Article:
One of my favorite times of year is when my herb garden is in full bloom.  I am usually picking fresh herbs for every meal or picking the plants for a cup of tea.  But what do I do for the remainder of the year when these plants aren’t available right outside my back door?  I preserve them!  

For many years, I just watched them wither on the vine and counted down the days until they started sprouting again.  Then one spring, I randomly planted tarragon.  Yeah sure, I added grocery store bought dried tarragon to a recipe when it called for it, but I have never experienced it fresh.  I never have gotten so many compliments on my cooking as I did that summer (all thanks to tarragon and the other fresh herbs).  I was absolutely obsessed!

That fall, I was in a panic. I could not wait another year to experience the unique licorice-like flavor of this plant (estragole is the organic compound that gives fennel, anise and tarragon their distinct flavors).  

So I questioned: How do I preserve my herbs while keeping most of the volatile oils (i.e. the flavor and medical properties)?  Here are some tips and tricks I have learned over the years:

Harvesting for the most potency:

Most plants have the most volatile oils just before the flowers first open.  This is the ideal time to pick and preserve.  The new leaves at the tips of the plants will have the most concentrated flavor - the crème de la crème. You can prolong the harvest by snipping off the flower buds whenever they appear. Once the plant flowers they are not totally unusable but they will have a slightly more bitter flavor.  Herbs will have the highest amount of essential oils if harvested on a sunny day in the morning after the dew has evaporated and before the sun heats them up and the volatile oils are released into the air. 

How to harvest:

Use scissors to cut the stems just above a leaf or pair of leaves otherwise known as the node (this will encourage dormant buds to grow and make a fuller plant). Remove any sickly, dried or wilted leaves and brush away any insects. Leave about 4 to 6 inches of stem for later growth.  It is best if you can avoid washing them, but if you must, then rinse under cold water and gently pat dry with a cloth or paper towel.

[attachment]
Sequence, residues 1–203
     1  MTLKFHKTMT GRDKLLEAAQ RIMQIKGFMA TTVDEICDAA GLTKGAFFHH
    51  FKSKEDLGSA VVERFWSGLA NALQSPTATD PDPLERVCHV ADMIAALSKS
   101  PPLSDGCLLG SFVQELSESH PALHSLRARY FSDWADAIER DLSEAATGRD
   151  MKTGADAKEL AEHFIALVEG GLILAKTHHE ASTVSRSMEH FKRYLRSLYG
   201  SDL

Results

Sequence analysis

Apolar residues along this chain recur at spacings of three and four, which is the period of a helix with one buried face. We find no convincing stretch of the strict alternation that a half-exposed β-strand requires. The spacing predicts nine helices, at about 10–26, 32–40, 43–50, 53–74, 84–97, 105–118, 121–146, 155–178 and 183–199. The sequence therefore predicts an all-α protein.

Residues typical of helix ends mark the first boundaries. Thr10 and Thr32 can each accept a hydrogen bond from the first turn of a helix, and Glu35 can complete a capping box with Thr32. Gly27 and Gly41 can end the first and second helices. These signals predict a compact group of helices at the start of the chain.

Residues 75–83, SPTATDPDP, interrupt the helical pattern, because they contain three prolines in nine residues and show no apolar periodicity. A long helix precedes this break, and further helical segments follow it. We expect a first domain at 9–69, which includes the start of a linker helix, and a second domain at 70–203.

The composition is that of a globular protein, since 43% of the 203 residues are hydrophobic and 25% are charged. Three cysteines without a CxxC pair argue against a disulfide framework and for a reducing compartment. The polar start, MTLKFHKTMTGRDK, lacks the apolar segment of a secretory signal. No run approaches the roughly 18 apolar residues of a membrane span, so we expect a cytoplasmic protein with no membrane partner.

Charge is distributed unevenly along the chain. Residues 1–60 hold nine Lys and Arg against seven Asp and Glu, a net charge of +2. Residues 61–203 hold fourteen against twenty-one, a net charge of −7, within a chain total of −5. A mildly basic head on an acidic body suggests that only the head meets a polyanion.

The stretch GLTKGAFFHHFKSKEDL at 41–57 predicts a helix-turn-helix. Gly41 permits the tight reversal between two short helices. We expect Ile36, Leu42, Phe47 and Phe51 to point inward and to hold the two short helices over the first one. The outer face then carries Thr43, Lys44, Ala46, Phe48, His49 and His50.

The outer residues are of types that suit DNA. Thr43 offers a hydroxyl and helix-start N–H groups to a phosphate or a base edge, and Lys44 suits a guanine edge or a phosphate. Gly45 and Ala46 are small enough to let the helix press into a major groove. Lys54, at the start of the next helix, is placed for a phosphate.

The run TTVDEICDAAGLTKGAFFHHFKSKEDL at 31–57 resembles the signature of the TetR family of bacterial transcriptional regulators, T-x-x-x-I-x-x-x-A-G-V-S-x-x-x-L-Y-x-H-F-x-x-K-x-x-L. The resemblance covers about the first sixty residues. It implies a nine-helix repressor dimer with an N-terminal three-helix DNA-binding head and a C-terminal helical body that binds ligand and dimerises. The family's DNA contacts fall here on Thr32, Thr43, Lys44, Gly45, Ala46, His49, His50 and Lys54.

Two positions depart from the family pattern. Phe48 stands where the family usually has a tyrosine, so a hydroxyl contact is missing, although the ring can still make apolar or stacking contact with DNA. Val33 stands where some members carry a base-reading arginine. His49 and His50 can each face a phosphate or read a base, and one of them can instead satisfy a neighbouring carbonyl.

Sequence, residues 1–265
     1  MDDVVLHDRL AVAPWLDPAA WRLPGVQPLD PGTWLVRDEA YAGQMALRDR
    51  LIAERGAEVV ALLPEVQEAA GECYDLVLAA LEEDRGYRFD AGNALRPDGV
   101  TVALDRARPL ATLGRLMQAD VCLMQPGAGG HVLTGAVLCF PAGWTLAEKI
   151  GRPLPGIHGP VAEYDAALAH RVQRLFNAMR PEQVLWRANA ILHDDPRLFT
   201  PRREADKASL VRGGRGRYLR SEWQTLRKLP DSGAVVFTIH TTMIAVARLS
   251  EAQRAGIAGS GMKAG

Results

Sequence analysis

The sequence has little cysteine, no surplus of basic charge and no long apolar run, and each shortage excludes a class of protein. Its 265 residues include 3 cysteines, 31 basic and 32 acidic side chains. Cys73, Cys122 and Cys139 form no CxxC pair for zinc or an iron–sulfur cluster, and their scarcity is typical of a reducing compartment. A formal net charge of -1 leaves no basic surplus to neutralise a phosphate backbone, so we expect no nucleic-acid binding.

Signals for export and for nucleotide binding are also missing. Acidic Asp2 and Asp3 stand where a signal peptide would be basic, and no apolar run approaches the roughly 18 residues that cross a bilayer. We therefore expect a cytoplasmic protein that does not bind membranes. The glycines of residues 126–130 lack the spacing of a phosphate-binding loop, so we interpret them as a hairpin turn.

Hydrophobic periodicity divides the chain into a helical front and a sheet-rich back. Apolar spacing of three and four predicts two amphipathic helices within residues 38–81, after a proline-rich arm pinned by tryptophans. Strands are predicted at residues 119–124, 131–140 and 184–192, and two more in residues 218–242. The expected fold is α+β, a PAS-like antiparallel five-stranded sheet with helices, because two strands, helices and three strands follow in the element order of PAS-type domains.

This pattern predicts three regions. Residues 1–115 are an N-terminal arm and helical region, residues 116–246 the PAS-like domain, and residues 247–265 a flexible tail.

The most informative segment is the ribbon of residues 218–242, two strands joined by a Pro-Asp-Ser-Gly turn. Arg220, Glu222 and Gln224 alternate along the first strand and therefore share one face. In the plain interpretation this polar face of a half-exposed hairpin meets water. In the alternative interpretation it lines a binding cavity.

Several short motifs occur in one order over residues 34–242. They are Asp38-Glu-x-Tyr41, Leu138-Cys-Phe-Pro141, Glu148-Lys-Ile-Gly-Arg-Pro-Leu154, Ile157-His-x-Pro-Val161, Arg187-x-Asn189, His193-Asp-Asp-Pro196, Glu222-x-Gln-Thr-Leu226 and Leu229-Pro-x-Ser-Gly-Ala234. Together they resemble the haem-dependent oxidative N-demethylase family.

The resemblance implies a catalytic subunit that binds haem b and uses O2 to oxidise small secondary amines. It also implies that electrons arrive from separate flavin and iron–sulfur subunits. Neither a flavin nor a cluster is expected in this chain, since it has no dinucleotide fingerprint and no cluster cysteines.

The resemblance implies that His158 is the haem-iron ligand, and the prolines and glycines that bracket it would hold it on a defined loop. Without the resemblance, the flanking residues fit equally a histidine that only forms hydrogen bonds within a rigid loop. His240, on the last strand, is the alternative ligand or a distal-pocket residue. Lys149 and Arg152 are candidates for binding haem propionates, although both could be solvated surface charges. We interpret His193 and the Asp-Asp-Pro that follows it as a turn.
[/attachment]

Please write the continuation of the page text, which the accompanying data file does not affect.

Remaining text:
If you plan to collect the seeds from a plant (examples are fennel, dill, coriander) then you will need to wait until the seeds are mostly dry.  Then snip off the flowering heads and add to a paper bag and shake to remove the seeds. Store them in an airtight container.  

Air drying: 

Drying flowers and herbs is most often done by the ancient method called air drying. This is a simple and easy way to dry plants and creates a beautiful and aromatic ambiance to your home.  First, remove the leaves from the bottom of the stem about an inch or two off the bottom.  You can then bundle four to eight stems together.  Use a string or rubber band to tie the bundles.  When hanging the plants to dry, put them in a cool, dark space that has gentle air circulation. The darkness helps retain color when preserving plants. Drying the plants usually takes two to three weeks.  Once they are dry, then remove leaves and flowers from stems and place into an airtight container.  

air drying


Prep the plants as you would before air drying.  Then remove the leaves from the stems (I prefer to use an herb stripper).  Then place the herb leaves in a single layer on the dehydrator tray so the leaves will dry evenly. You may need to cover the dehydrator tray with a fine screen to prevent herbs from falling down into the bottom. For the most flavor and medicinal properties I dry mine on the lowest heat possible (somewhere between 90-130F, the lower the better).  

Oven drying:

If you are in a time crunch and would like to dry your herbs quicker, then you can dry them on low in the oven. I tend not to do this method since the flavor does not seem to be as strong as air drying them. Set bake to no more than 130 degrees and place your herbs on a cookie sheet.  Bake for 2-4 hours.  Once herbs are fully dry remove and store in an airtight container.  



Freezing your plants is a great way to lock in flavor (especially tarragon, basil, chives, lemon balm, dill, any of the mints, oregano, parsley, rosemary, sage and thyme). All you need to do is remove the leaves from the stock and add to a bag.  Be sure to remove all the air out of the bag.  My favorite way is to add several culinary herbs with some olive oil to my blender and mix (we love using infused olive oils such as garlic or lemon).  Then pour the mix into an ice cube tray.  These are great to add to any soup or pasta.  I also like to do the same with my more medicinal herbs.  I blend herbs such as motherwort, lemon balm, mints, lavender, catnip with a little water and pour into the ice cube trays.  You can add a cube to boiled water for a fresh cup of herbal tea. Click here for instructions on how to brew a medicinal tea.  

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